Spike: It stemmed a little bit from taking Max seriously. We wanted to take this 9-year-old seriously, so if he’s going to imagine that he’s going to a place, it’s not going to be some fantasy version of it. For me, it just connected more to really being there with these wild animals, in this forest and on these beaches, with sand and dirt and leaves in their hair, and have that level of reality to it. It makes it more dangerous and, in a way, more exciting because you’re really there. The whole movie is shot from Max’s point of view, where you’re discovering it with him. Every scene in the movie is from Max’s point of view. We also tried to give it its wonder, where it was relevant to the story, like when Max wakes up in Carol’s arms, and he’s carrying him through this beautiful forest with leaves falling everywhere. Those moments have their place, where it’s hopefully more wondrous or spectacular.
Q: Did you intentionally want to make it so intimate?
Spike: The idea is mixing intimate with epic, at the same time, and being able to have those dynamics. The best songs are the ones that have that kind of dynamic. Arcade Fire has such intimacy and epic-ness, as the same time, and that’s really inspiring.
Q: Did you decide to approach this completely like a child, and follow that all the way through?
Spike: Yeah. We just approached it intuitively. It wasn’t necessarily an easy shoot. It was very complicated. We made a series of decisions, early on, by shooting the creatures real live-action on location, with a boy in the middle of it all. That was a very challenging way to shoot it. Once we made those decisions, we just agreed to take whatever weather, lightening and wildness of that way of shooting that came with it. We tried to keep the whole film in the spirit of a kid, and tried not to put our adult stuff into that. That being said, we had some tantrums, along the way, because the shoot was so stressful and difficult. I’ve worked with (cinematographer) Lance [Acord] and (production designer) K.K. [Barrett] for so long, and we did this whole movie as an adventure. The whole group of us moved to Australia and all lived in neighborhoods near each other. It was just a very group experience, where we went off into these woods and deserts, and made this film. We lived the movie, in a lot of ways.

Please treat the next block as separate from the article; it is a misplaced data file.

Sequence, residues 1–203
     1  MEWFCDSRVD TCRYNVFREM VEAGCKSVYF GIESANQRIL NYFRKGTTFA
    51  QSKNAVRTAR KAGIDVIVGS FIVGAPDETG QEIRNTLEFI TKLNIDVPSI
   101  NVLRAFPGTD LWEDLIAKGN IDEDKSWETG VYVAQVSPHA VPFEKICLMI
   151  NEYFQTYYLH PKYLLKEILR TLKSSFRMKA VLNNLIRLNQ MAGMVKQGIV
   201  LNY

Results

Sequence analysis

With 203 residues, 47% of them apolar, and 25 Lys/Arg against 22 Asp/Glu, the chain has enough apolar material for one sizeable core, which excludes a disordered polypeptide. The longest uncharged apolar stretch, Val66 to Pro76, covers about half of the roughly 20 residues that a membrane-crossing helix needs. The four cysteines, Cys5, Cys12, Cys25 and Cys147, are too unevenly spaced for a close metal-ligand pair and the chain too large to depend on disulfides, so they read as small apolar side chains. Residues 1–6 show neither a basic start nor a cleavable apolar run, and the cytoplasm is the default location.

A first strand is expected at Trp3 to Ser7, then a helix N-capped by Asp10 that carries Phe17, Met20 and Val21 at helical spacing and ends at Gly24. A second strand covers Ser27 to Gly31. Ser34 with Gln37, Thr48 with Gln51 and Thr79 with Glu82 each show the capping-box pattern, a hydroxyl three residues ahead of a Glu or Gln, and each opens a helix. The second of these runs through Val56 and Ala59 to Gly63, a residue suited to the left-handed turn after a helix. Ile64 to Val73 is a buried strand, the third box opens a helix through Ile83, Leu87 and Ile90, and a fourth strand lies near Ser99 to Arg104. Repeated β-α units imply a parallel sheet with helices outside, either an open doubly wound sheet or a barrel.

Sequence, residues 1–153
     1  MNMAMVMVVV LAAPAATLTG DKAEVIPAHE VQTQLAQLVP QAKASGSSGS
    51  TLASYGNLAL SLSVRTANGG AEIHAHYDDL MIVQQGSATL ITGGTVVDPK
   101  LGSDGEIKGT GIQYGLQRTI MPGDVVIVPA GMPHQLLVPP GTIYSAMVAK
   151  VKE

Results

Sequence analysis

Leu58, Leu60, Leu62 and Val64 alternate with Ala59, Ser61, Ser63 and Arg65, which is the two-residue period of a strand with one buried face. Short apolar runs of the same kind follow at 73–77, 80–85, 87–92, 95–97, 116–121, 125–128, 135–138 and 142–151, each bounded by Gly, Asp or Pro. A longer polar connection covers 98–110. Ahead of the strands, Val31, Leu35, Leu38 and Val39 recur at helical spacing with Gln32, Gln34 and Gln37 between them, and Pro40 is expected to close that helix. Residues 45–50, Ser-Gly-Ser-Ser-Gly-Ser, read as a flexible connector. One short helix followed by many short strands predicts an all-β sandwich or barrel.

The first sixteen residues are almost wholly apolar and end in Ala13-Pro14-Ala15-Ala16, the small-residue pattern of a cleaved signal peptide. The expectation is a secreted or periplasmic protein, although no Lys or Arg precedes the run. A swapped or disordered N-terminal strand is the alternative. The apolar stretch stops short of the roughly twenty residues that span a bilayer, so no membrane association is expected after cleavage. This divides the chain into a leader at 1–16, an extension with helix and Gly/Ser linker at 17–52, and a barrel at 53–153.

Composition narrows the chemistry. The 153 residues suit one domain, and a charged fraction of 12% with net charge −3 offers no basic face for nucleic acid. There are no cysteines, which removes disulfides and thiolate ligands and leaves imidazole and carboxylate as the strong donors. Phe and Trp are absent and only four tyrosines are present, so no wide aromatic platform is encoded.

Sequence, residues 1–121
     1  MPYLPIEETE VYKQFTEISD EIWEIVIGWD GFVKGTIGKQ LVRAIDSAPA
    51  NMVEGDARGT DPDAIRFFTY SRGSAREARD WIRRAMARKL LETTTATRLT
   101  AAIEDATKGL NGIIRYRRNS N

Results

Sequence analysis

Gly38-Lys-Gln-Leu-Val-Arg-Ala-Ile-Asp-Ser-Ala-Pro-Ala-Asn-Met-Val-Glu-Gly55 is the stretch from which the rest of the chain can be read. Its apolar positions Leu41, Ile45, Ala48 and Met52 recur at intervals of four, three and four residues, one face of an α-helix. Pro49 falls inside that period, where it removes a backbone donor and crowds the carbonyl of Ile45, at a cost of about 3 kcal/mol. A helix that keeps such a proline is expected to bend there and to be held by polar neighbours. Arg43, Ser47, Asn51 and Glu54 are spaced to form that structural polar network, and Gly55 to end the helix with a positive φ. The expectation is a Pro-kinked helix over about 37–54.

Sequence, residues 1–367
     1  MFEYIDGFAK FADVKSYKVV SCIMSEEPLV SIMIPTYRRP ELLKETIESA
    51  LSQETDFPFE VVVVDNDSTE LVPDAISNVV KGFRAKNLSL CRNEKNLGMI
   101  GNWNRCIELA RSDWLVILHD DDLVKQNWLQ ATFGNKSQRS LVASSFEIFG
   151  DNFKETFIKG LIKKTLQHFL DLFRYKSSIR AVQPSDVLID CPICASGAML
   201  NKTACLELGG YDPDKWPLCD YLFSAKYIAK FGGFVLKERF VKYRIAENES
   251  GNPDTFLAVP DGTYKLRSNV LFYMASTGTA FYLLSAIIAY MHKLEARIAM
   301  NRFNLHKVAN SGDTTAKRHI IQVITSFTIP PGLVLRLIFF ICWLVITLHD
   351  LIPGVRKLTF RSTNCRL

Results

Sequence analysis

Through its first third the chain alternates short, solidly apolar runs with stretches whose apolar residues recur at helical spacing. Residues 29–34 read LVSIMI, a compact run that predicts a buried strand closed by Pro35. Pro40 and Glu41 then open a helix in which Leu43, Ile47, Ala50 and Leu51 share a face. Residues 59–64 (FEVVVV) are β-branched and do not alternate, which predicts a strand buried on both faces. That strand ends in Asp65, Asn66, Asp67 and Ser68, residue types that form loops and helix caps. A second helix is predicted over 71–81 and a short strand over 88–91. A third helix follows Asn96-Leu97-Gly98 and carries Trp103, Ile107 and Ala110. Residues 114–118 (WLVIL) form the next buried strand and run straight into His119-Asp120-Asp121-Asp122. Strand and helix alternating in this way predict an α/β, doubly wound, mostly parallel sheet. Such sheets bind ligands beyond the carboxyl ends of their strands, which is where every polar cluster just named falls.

Spike: I don’t know. I do, definitely, think of artists, like The Beatles, Maurice Sendak, who wrote this book in the ’60’s, Shel Silverstein or David Bowie. I think of artists, that were of that period, that are really inspiring and exciting. There is probably a similar sensibility when I think about artists now, like Arcade Fire or Karen O. (from the Yeah Yeah Yeahs). There is something similar, in terms of the singularity of those voices, and not living and working in the mainstream. Their motivation is coming from within them, as opposed to from outside in the marketplace. It’s always coming from, “What am I going to make that is going to inspire and excite me?” Maybe that’s something I’m inspired by.
Q: Max, how gross was it for you to do that scene where you come out of KW?
Max: You don’t want to know. They put some sort of gross gel stuff on me.
Spike: He was covered and goopy. He hated it. We shot it once, and then we had to shoot another piece of it again, and he just did not want to get in it. He said, “I will only do it if, afterwards, you let me cover you in it.” And so, afterwards, we went back to his room and he just covered me in it. He was so happy and I was miserable, so it was a good retribution.
Q: Spike, can you talk about the Maurice Sendak documentary you did?
Spike: We did it to give good context. It’s basically a video portrait of him. It’s about 40 minutes long, and it comes out on HBO, a couple days before the movie is released.
Q: Do you know what you’re doing next?
Spike: No, not yet.
Q: Are you going down the indie path?
Spike: I don’t know. I’m just going to make whatever. I don’t look at it with a label. That’s weird. I just want to make whatever is exciting.